Battlepanda: Big Brother is Marching with you


Always trying to figure things out with the minimum of bullshit and the maximum of belligerence.

Sunday, July 30, 2006

Big Brother is Marching with you

Two worrying stories on the civil-rights front. Firstly, we have the charming fact that the police are no longer content with merely infiltrating demonstrations and acting as riot bait. They are actually leading the demonstrations and planning the routes . Perhaps soon all our protests would consist wholly of police officers. (HT: L.Krub)

While the ability of police officers to spy on us seems to know no bounds, our ability to turn the tables in the most desultory manner is being violently challenged -- a man was arrested in Philadelphia for taking a picture of a big police drug bust that was happening in his neighborhood...right in front of his property.
Cruz said that when he heard a commotion, he walked out of his back door with his cell phone to see what was happening. He said that when he saw the street lined with police cars, he decided to take a picture of the scene.

"I opened (the phone) and took a shot," Cruz said.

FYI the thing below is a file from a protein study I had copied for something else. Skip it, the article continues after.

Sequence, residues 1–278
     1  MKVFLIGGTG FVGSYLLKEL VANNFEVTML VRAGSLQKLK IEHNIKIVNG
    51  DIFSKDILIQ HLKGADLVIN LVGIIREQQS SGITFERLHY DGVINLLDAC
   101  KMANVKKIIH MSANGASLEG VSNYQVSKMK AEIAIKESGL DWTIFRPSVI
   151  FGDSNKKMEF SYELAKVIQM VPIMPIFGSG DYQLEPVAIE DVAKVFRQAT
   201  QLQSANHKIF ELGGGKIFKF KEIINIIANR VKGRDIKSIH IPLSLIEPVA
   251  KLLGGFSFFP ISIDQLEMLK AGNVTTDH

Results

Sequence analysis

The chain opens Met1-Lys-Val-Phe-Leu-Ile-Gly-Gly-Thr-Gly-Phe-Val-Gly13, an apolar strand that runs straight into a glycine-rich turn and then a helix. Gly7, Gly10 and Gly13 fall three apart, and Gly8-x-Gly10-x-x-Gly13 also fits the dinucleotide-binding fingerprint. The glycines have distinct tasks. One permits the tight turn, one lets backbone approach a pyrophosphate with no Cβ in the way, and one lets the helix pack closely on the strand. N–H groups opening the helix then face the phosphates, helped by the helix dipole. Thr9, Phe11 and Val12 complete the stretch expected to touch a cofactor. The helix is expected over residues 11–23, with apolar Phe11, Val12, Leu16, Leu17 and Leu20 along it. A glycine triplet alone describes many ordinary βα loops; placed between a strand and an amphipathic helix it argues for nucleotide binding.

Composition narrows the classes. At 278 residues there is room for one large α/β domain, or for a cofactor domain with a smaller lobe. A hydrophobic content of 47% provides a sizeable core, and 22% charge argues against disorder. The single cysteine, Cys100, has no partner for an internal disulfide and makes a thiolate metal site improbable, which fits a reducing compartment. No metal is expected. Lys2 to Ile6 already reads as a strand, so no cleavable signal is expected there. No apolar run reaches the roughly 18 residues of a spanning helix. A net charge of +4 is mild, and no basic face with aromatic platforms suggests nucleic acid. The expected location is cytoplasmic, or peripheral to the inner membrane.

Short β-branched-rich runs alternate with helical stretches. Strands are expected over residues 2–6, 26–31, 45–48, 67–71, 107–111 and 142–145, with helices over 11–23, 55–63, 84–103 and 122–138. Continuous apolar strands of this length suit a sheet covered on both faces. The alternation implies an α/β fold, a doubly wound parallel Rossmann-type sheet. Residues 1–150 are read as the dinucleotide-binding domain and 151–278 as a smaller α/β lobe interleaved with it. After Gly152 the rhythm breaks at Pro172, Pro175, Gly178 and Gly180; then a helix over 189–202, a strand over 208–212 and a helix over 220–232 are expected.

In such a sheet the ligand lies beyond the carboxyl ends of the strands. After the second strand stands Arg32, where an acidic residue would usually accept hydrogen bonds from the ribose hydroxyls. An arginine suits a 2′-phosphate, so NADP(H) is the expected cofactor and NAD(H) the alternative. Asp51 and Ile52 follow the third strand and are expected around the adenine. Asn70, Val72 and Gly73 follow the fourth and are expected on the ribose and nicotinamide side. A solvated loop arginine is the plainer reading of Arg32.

Moments later, Cruz said he got the shock of his life when an officer came to his back yard gate.

"He opened the gate and took me by my right hand," Cruz said.

Cruz said the officer threw him onto a police car, cuffed him and took him to jail.

A neighbor said she witnessed the incident and could not believe what she saw.

"He opened up the gate and Neffy was coming down and he went up to Neffy, pulled him down, had Neffy on the car and was telling him, 'You should have just went in the house and minded your own business instead of trying to take pictures off your picture phone,'" said Gerrell Martin.

Cruz said police told him that he broke a new law that prohibits people from taking pictures of police with cell phones.
It's not like Cruz busted in on some covert scene. This was happening on his street. If this is how the police treats a curious kid who wants a cool picture to show his friends, I guess budding citizen journalists who might be tempted to take pictures of actual police wrongdoing better watch out.